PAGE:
Portraits of Wildflowers

Perspectives on Nature Photography

Lindheimer’s senna and clouds

with 18 comments


Lindheimer’s senna is nothing new in central Texas, even if Innovation Way is where I photographed this stand of Senna lindheimeriana healthily flowering in its customary autumnal way on September 9th in Cedar Park.

© 2016 Steven Schwartzman

Written by Steve Schwartzman

September 26, 2016 at 5:03 AM

18 Responses

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  1. The repeating clouds make it work.

    Sherry Felix

    September 26, 2016 at 6:44 AM

    • In this and other pictures I took at that time I was quite aware of the clouds and did my best to find positions that lined them up attractively with my subjects. The clouds kept moving, so sometimes I had to work quickly. At other times the opposite was true, and I had to wait for the clouds to move to an appropriate place.

      Steve Schwartzman

      September 26, 2016 at 6:56 AM

  2. Ok, yes the clouds are perfect, and I’ve seen this trick before, first performed by the wonderful travel adventure filmmaker Stan Midgley. All it takes is some cotton that you stick to the window of your car and shoot the flowers through the window…


    September 26, 2016 at 10:42 AM

    • Well, I guess cotton would get around the problems of having to deal with clouds’ movements. At least for still pictures, you’d have better control if you added a layer to an image and pasted in clouds from another image.

      As a television commercial used to say (almost): I made my photograph the old-fashioned way, I earned it.

      Steve Schwartzman

      September 26, 2016 at 11:08 AM

  3. Yellow flowers against a blue sky invariably make me smile. Throw in this sort of cloud, and there’s even more to smile about. Of course, senna’s a fine subject. When I found my first outside Medina last October, it was overcast and dim — no blue skies there — but even in those conditions, the flowers fairly glowed.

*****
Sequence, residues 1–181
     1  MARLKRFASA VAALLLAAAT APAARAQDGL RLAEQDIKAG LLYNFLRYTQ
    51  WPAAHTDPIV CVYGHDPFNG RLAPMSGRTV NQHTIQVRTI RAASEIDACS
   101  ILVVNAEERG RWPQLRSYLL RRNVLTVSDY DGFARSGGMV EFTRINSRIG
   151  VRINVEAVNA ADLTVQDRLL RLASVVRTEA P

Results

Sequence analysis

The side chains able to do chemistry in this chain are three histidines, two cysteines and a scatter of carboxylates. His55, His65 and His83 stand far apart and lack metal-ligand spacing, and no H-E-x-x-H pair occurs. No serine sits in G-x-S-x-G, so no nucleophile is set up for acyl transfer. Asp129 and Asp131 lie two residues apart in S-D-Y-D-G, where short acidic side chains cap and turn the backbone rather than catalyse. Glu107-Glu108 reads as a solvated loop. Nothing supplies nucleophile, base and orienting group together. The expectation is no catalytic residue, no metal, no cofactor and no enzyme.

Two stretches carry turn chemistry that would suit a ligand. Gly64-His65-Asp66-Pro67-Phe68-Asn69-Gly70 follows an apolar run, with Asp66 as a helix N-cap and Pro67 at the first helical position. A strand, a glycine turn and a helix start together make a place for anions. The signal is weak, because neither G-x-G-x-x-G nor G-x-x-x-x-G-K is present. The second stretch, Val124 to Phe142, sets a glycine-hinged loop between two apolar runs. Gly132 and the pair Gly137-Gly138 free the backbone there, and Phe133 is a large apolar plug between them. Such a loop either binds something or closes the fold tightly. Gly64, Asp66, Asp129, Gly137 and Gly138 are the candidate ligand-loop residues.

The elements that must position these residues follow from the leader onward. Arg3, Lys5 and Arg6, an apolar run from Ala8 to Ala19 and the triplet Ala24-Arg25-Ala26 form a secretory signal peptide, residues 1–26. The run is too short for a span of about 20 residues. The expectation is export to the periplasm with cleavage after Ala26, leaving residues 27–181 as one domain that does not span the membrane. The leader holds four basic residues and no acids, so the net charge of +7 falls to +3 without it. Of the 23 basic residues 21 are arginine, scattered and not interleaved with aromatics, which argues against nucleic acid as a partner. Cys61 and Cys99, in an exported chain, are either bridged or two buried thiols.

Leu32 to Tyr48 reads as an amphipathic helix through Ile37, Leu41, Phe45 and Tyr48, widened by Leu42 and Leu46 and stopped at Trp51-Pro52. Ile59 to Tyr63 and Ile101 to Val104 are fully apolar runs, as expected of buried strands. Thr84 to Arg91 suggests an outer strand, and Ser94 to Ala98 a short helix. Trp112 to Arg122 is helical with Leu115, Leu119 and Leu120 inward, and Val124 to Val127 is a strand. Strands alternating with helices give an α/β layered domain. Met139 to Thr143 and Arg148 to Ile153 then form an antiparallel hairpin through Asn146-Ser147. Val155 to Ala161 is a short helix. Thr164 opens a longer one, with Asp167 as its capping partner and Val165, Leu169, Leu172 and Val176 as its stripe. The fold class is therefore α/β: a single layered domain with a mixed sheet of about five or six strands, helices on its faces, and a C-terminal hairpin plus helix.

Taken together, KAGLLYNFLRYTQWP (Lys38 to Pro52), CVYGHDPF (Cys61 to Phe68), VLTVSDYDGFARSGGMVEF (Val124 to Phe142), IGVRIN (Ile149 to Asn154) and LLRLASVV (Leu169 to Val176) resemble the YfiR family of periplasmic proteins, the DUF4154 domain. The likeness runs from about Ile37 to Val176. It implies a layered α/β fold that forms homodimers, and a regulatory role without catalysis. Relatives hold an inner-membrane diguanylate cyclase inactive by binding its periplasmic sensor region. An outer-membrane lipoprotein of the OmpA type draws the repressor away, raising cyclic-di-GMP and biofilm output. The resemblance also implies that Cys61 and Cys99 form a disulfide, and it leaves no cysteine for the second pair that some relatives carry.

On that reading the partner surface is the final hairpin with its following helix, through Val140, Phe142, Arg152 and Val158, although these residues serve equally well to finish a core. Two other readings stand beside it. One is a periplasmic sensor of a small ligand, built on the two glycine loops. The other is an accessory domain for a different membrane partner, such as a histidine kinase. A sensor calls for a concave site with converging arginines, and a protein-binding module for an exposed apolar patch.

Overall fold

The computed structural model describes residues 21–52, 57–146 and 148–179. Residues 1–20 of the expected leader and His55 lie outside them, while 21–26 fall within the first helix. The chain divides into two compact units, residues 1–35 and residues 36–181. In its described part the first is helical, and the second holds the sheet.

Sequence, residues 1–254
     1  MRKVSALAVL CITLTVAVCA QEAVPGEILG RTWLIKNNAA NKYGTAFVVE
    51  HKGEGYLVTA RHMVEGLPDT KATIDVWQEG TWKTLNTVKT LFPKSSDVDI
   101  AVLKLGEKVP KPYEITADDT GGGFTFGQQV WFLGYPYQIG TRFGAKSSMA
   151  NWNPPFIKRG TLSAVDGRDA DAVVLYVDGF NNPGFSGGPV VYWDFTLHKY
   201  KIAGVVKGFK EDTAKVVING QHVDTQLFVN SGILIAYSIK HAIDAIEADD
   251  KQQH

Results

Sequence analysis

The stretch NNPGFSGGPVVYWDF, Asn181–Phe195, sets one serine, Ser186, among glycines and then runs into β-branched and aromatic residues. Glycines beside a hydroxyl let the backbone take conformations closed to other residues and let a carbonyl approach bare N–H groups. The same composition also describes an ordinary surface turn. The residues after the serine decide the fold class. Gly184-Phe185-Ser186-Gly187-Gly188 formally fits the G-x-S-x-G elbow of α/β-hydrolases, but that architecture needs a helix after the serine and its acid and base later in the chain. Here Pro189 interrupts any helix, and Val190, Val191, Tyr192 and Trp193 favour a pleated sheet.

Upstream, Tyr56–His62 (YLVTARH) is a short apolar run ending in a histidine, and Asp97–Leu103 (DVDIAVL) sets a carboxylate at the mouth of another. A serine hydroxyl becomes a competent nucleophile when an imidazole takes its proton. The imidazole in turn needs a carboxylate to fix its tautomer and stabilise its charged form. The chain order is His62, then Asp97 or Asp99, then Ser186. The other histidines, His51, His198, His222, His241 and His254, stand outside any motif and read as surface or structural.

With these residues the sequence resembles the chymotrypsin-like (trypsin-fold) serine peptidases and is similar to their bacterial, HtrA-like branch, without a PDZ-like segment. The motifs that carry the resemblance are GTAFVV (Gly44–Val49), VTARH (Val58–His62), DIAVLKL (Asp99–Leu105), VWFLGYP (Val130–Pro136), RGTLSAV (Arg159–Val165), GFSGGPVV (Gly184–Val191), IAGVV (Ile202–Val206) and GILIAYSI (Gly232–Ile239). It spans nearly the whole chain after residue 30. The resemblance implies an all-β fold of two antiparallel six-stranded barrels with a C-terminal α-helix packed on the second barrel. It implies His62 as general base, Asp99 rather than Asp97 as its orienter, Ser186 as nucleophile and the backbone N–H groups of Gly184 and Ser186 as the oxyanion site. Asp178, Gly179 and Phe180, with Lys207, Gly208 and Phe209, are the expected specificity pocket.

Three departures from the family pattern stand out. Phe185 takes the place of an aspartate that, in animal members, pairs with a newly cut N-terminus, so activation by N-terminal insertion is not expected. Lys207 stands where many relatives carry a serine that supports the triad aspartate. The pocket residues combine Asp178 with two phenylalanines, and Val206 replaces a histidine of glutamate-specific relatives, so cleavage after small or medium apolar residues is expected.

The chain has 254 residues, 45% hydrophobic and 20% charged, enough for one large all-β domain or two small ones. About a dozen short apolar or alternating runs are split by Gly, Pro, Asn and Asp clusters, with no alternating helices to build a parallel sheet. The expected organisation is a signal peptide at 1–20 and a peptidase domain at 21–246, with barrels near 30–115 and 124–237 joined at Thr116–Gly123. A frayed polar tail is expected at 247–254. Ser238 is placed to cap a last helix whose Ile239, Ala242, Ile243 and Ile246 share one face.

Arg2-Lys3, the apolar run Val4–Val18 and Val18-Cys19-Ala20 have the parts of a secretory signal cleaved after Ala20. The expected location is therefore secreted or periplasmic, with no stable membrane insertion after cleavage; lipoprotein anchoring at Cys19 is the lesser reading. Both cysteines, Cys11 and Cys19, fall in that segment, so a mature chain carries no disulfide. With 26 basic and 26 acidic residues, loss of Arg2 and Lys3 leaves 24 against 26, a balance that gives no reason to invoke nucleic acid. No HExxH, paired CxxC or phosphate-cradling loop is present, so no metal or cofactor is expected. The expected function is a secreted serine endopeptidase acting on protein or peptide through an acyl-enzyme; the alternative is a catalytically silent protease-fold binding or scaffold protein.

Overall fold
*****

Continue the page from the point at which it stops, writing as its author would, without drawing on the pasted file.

Your comment about making your photograph the old-fashioned way tickled me. Let’s just say I’ve recently seen the truth of the proposition that “it’s the photographer, not the equipment” in action. Even people with cameras and lenses worth thousands hanging around their necks could profit by adding a little patience to the mix.


    September 27, 2016 at 5:05 AM

    • I remember your mentioning Lindheimer’s senna in a comment. I like the flowers and the soft leaflets but I wish the plant smelled better; I find its odor unpleasant. The hairs on the leaflets, by the way, are good at holding raindrops and dewdrops in place.

      There are people who accumulate cameras and lenses and other kinds of photo equipment for their own sake, but for me they’ve always been the means to an end: the pictures they deliver.

      Steve Schwartzman

      September 27, 2016 at 7:35 AM

  4. I really like this composition, Steve. I also like the Rooster, Arabian stallion, and the stalking cat I found in the clouds! Images from L to R are Roo and Stallion in lower cloud formations and cat almost dead center. I might have made you search, but realize that cloud spotting is quite subjective. 😀


    September 27, 2016 at 9:25 AM

    • Someone’s sure powered up on pareidolia this morning! Might it be Lynda? I can see the rooster and the stallion but the cat still eludes me. You probably had fun as a kid (or even now) with those puzzles where you have to find the hidden objects in a drawing.

      In any case, I’m glad you like the composition.

      Steve Schwartzman

      September 27, 2016 at 10:06 AM

      • I am, I did, and I do. LOL! The cat is just off center right and is slinking up to her victim… if that helps.


        September 27, 2016 at 10:24 AM

  5. What great fortune to have that nice parade of puffy clouds to complement the lovely yellow flowers and blue sky. An altogether pleasing composition.

    Steve Gingold

    September 29, 2016 at 3:19 AM

  6. I can see the rooster and the stallion but the harder I look for the cat the more it seems to me that the senna flowers are straining their necks to see what is in the clouds, too.


    September 29, 2016 at 5:37 AM

    • We could say that the cat’s got our tongues. You’ve made up for it by anthropomorphizing the senna.

      Steve Schwartzman

      September 29, 2016 at 7:50 AM

  7. […] last saw Lindheimer’s senna from some distance as a flowering colony with clouds and blue sky behind it. Now here’s a closer look at a few flowers of Senna lindheimeriana. The yellow in the […]

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